Budget talks continue on Capitol Hill, and President Obama now says he could accept a short-term hike in the debt ceiling if it will give members of Congress time to finalize a comprehensive, long-term deal. Still, the Administration doesn't want the short-term deal to last any longer than a few days. The problem for lawmakers is the multitude of choices they have to decide on. White House Spokesman Jay Carney says they have to be sure a fail-safe option is available, even as they pursue the possibility of doing something bigger.
The Gang of Six Senators released a plan earlier this week to reduce government borrowing and lower overall tax rates for everyone. The plan would reduce deficits by nearly $4 trillion during the next 10 years. However, there are some Congressional leaders who say the plan lacks details and could produce $2 trillion in tax increases instead of cutting taxes by $1.5 trillion like the Gang of Six says. House Budget Chairman Paul Ryan, R-Wisc., says the plan increases revenues while failing to seriously address exploding federal spending on health care, the primary driver of U.S. debt. However, Ryan says the plan has potential for worthwhile budget and tax reforms.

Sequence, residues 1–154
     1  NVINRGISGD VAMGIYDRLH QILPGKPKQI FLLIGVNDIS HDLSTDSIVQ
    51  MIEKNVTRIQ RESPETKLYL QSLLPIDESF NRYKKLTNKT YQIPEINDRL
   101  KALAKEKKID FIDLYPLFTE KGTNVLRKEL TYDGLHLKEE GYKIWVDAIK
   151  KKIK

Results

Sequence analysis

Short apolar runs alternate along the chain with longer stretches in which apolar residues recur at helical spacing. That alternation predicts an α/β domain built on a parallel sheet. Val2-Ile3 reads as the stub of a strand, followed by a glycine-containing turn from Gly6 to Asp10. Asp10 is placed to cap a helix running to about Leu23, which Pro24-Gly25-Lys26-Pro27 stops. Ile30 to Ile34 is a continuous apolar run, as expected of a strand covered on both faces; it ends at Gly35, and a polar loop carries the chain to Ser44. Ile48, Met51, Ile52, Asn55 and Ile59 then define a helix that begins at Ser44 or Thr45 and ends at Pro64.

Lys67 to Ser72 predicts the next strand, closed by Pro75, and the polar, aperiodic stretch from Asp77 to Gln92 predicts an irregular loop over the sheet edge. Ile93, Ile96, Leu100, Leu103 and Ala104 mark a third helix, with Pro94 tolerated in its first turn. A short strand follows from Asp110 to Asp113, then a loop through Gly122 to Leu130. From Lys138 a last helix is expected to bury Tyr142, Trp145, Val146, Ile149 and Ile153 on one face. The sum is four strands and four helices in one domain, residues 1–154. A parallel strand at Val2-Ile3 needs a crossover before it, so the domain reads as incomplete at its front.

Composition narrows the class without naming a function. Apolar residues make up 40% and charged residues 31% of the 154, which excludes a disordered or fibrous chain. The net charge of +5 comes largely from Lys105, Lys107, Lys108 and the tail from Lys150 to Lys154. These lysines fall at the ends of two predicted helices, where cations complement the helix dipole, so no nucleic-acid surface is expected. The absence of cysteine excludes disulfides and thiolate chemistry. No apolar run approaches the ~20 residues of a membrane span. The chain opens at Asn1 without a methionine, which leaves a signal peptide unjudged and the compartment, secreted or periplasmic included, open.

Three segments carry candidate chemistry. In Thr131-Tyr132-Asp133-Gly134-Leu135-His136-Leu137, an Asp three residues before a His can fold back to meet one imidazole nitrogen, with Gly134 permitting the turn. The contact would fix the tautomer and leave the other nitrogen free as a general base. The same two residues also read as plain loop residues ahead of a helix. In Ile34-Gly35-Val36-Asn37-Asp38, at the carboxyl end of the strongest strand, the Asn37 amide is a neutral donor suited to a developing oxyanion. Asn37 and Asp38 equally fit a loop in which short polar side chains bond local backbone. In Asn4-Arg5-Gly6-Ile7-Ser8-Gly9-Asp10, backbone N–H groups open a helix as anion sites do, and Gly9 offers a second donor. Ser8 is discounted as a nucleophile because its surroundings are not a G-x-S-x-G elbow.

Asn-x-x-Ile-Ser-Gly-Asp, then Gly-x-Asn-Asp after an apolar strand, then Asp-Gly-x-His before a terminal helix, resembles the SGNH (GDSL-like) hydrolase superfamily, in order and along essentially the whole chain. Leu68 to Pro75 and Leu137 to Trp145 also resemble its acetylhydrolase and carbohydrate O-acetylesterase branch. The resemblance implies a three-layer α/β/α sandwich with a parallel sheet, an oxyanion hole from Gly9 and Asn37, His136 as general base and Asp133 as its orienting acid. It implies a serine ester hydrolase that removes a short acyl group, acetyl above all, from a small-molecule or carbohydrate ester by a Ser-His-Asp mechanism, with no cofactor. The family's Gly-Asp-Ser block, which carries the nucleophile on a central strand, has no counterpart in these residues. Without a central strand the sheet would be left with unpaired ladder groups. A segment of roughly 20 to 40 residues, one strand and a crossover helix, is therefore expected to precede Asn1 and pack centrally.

Senate Majority Leader Harry Reid, D-Nev., says he will file a procedural motion to begin work on the House-passed Cut, Cap and Balance legislation. The Senate is expected to reject that plan. In the meantime, Reid and Minority Leader Mitch McConnell, R-Ky., are still moving forward with their own plan to raise the $14.3 trillion debt ceiling. They plan on delivering their compromise package to the House late next week. So far the House hasn't shown much interest in the plan, and one House GOP aide has predicted that if no far-reaching $4 trillion deal comes to fruition, the House might settle on a debt limit increase, but of no more than $1 trillion.